Robert P. Dunlap

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Robert P. Dunlap
Robert Pinckney Dunlap c1831.jpg
Robert Pinckney Dunlap
Member of U.S. House of Representatives
from Maine's 2nd district
In office
March 4, 1843 – March 3, 1847
Preceded by William Pitt Fessenden
Succeeded by Asa Clapp
11th Governor of Maine
In office
January 1, 1834 – January 3, 1838
Preceded by Samuel E. Smith
Succeeded by Edward Kent
Member of the
Maine Senate
In office
1831–1833
Member of the
Executive Council of Maine
7th President of the Maine Senate
In office
1827–1828
Preceded by Jonas Wheeler
Succeeded by Nathan Cutler
Member of the
Maine Senate
In office
1824–1828
Personal details
Born (1794-08-17)August 17, 1794
Brunswick, Maine
Died October 20, 1859(1859-10-20) (aged 65)
Alma mater Bowdoin College

Robert Pinckney Dunlap (August 17, 1794 – October 20, 1859) was the 11th Governor of Maine and a U.S. Representative from Maine.

Born in Brunswick, Maine, Dunlap was educated by private tutors. He graduated from Bowdoin College, Brunswick, Maine, in 1815. He studied law, was admitted to the bar in 1818, and commenced practice in Brunswick.

Dunlap served as a member of the Maine House of Representatives from 1821 to 1823. He served as president of the board of overseers of Bowdoin College from 1821 until his death. He served as member of the state militia, and was delegated to receive General Lafayette when he visited Maine in 1824.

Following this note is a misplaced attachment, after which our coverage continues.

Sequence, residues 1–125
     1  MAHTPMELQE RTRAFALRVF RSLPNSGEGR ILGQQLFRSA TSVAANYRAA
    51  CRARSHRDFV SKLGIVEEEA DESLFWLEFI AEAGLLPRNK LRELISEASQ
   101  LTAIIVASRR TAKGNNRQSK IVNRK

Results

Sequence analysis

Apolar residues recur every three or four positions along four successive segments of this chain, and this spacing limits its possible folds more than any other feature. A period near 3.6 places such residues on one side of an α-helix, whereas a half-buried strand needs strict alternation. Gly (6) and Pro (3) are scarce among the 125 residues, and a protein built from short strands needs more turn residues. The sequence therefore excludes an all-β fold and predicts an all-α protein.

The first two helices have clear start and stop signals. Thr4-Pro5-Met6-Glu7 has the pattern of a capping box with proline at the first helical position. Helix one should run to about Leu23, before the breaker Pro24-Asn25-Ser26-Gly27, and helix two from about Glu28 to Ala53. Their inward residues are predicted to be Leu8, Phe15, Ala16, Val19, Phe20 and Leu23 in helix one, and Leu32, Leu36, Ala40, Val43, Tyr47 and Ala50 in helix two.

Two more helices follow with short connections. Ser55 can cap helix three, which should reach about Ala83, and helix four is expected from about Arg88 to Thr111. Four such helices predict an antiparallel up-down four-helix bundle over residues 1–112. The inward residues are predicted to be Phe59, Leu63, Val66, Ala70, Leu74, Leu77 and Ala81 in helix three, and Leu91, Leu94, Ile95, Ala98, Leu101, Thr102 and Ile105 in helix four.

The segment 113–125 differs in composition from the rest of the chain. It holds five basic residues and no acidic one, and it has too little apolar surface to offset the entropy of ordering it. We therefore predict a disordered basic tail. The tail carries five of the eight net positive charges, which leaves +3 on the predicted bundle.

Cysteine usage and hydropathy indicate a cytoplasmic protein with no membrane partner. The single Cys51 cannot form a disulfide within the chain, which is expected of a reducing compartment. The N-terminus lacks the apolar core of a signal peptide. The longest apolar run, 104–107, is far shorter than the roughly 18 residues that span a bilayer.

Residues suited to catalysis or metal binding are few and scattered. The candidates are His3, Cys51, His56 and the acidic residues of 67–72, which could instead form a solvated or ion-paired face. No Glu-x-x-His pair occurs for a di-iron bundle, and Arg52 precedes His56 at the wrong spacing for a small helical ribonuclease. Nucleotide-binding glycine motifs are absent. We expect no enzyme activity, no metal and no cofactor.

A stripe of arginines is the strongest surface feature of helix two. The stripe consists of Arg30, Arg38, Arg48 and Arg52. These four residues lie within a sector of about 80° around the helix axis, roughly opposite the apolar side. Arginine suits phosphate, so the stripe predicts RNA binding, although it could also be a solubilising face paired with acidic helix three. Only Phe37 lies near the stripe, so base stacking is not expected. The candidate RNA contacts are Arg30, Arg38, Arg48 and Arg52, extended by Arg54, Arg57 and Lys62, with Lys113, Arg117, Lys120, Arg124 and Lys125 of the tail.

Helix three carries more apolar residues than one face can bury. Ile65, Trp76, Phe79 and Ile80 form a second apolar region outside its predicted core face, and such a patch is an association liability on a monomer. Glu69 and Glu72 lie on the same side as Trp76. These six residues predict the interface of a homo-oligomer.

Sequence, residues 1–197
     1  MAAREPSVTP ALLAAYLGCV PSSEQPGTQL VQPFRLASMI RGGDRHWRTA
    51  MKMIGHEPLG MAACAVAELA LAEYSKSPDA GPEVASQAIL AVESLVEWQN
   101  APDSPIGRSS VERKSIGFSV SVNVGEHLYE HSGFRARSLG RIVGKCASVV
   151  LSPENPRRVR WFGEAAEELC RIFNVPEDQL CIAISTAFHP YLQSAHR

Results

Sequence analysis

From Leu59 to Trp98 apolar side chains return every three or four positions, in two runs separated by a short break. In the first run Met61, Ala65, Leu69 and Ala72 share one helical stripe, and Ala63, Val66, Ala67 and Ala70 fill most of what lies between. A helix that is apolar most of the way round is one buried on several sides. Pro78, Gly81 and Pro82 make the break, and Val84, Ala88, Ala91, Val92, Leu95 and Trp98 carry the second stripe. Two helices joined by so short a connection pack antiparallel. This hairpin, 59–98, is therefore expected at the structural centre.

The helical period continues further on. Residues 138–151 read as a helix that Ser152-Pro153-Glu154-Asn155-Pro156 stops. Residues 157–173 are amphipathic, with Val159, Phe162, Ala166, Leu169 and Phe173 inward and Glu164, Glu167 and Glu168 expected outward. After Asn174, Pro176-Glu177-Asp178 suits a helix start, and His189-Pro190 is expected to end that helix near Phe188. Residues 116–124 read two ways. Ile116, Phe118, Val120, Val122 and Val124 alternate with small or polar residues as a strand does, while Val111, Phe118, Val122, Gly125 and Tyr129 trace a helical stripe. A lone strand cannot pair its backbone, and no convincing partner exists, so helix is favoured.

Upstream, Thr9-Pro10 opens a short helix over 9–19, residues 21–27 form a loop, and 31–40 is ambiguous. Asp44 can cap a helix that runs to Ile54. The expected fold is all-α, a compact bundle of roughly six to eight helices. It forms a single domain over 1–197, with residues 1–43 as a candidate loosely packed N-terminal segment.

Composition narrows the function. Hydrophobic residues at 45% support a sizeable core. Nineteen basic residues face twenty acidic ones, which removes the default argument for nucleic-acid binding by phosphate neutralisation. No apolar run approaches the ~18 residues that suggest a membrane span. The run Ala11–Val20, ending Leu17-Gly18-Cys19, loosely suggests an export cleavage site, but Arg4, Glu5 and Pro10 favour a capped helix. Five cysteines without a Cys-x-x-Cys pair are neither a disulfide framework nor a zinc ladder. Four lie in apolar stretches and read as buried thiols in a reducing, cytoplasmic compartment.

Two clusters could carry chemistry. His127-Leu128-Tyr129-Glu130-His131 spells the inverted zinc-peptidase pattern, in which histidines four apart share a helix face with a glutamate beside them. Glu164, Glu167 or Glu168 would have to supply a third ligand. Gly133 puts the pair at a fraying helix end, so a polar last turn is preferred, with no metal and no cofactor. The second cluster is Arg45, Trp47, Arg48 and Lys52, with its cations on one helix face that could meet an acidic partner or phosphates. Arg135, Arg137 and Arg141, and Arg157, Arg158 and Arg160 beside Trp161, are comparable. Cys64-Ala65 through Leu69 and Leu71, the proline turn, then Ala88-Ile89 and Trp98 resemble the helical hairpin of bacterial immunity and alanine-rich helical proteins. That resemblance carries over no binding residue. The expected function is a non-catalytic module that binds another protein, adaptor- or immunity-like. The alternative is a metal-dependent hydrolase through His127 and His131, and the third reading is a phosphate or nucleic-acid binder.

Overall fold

Dunlap served in the State Senate 1824-1828 and 1831–1833, including three years as Senate President, in 1827, 1828, and 1831. He is, as of 2012, the only person to serve non-consecutive terms as Senate President.[1] In between his Senate terms, he was a member of the Executive Council of Maine. He served four one-year terms as Governor of Maine from 1834 to 1838.

Dunlap was elected as a Democrat to the Twenty-eighth and Twenty-ninth Congresses (March 4, 1843 – March 3, 1847).

He served as chairman of the Committee on Public Expenditures (Twenty-ninth Congress). He served as collector of customs in Portland, Maine, in 1848-49, and postmaster of Brunswick in 1853-57.

Death and burial[edit]

Dunlap died in Brunswick, Maine, October 20, 1859. He was interred in Pine Grove Cemetery.

References[edit]

  1. ^ http://www.maine.gov/legis/senate/history/past/prespast/1827rd.htm

External links[edit]

Political offices
Preceded by
Samuel E. Smith
11th Governor of Maine
1834-1838
Succeeded by
Edward Kent
Preceded by
Jonas Wheeler
7th President of the Maine Senate
1827-1828
Succeeded by
Nathan Cutler
United States House of Representatives
Preceded by
William Pitt Fessenden
Member of the U.S. House of Representatives
from Maine's 2nd congressional district

March 4, 1843 –

March 3, 1847

Succeeded by
Asa Clapp